Homosexuality and Manliness in Postwar Japan
Routledge – 2009 – 272 pages
Japan’s first professionally produced, commercially marketed and nationally distributed gay lifestyle magazine, Barazoku (‘The Rose Tribes’), was launched in 1971. Publicly declaring the beauty and normality of homosexual desire, Barazoku electrified the male homosexual world whilst scandalising mainstream society, and sparked a vibrant period of activity that saw the establishment of an enduring Japanese media form, the homo magazine. Using a detailed account of the formative years of the homo magazine genre in the 1970s as the basis for a wider history of men, this book examines the relationship between male homosexuality and conceptions of manliness in postwar Japan. The book charts the development of notions of masculinity and homosexual identity across the postwar period, analysing key issues including public/private homosexualities, inter-racial desire, male-male sex, love and friendship; the masculine body; and manly identity. The book investigates the phenomenon of ‘manly homosexuality’, little treated in both masculinity and gay studies on Japan, arguing that desires and individual narratives were constructed within (and not necessarily outside of) the dominant narratives of the nation, manliness and Japanese culture. Overall, this book offers a wide-ranging appraisal of homosexuality and manliness in postwar Japan, that provokes insights into conceptions of Japanese masculinity in general.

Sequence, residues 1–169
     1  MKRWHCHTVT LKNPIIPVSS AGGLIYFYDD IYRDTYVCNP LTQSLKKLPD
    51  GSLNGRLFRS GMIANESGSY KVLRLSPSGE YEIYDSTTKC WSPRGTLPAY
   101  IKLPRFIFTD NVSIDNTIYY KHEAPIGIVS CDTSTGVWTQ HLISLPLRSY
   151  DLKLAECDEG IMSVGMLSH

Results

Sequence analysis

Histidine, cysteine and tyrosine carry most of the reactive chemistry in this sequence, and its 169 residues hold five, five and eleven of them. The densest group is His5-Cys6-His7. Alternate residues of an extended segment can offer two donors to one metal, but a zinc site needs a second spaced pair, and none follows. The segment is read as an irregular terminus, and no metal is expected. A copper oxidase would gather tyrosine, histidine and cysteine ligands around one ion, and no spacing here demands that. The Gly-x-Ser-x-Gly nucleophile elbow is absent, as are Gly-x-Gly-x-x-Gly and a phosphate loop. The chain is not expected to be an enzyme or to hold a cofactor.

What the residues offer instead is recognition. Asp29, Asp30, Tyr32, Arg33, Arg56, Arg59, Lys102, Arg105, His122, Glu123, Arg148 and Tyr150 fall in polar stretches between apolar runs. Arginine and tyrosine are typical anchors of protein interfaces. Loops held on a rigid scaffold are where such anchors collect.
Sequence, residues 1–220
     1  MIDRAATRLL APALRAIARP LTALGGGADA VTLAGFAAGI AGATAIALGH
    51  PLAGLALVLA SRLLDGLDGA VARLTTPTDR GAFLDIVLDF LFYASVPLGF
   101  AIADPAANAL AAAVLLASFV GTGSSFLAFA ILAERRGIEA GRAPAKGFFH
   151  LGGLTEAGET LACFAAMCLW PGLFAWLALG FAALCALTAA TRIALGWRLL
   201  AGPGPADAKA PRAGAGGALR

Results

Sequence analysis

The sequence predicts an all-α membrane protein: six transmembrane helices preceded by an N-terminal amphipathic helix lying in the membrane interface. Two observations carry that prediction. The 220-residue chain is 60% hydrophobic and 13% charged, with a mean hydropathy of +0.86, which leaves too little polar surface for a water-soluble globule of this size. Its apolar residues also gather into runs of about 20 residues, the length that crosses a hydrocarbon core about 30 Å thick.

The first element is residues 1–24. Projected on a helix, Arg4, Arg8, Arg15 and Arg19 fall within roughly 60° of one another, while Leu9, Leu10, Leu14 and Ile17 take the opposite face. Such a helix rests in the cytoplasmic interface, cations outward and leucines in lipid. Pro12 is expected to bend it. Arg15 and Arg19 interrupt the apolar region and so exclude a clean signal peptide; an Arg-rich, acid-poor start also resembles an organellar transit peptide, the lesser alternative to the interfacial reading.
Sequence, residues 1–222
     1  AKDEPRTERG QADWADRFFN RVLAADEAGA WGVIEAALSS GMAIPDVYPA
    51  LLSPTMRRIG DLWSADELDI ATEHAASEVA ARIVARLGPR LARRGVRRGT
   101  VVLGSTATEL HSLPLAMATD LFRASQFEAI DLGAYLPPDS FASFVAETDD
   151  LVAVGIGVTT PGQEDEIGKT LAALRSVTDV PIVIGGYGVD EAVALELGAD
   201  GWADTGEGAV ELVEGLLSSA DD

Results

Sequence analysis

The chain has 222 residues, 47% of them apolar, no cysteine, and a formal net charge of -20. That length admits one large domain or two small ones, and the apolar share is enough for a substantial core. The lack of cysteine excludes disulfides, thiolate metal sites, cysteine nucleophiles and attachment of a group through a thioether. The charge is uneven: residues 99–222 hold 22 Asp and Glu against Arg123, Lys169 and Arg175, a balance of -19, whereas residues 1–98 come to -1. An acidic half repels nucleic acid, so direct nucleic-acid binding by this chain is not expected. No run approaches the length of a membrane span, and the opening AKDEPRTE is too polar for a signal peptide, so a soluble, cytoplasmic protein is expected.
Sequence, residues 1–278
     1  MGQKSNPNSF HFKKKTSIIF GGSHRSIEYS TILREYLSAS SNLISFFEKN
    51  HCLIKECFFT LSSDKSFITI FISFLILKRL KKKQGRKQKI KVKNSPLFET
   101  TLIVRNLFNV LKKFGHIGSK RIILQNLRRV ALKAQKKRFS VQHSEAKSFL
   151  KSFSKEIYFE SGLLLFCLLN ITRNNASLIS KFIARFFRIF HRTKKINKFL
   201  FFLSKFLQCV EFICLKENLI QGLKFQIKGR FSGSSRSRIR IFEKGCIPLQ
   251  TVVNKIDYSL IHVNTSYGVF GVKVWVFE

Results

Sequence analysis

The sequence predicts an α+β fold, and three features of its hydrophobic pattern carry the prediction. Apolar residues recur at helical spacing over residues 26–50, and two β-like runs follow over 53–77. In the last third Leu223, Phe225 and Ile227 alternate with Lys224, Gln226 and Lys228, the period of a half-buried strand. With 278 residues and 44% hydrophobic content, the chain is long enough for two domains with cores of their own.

Introduction Part 1: Producing Homo 1. Homo ‘Movings’ – Rentaikan and Shiminken 2. White Dreams: The Coming and Going of Porn Americana Part 2: Confessions - The Buntsuran and The Body 3. Eroto-Morphemic Revolutions of the Everyday 4. Age Differentiation and the Redemption of Men. Conclusion: Modernity and the Contradictions of Certainty
Jonathan D. Mackintosh is Lecturer in Japanese Studies at Birkbeck, University of London, UK. His research interests include gender/sexuality in postwar Japan, masculinities and the body, and historical East Asian diasporic identities.